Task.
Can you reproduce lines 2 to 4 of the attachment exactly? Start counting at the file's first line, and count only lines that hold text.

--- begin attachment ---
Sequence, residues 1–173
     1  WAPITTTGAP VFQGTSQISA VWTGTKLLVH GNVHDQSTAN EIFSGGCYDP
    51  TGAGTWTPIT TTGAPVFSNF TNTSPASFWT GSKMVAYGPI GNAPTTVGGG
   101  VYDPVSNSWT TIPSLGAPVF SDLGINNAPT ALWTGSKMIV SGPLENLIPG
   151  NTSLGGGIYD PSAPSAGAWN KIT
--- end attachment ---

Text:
     1  WAPITTTGAP VFQGTSQISA VWTGTKLLVH GNVHDQSTAN EIFSGGCYDP
    51  TGAGTWTPIT TTGAPVFSNF TNTSPASFWT GSKMVAYGPI GNAPTTVGGG
   101  VYDPVSNSWT TIPSLGAPVF SDLGINNAPT ALWTGSKMIV SGPLENLIPG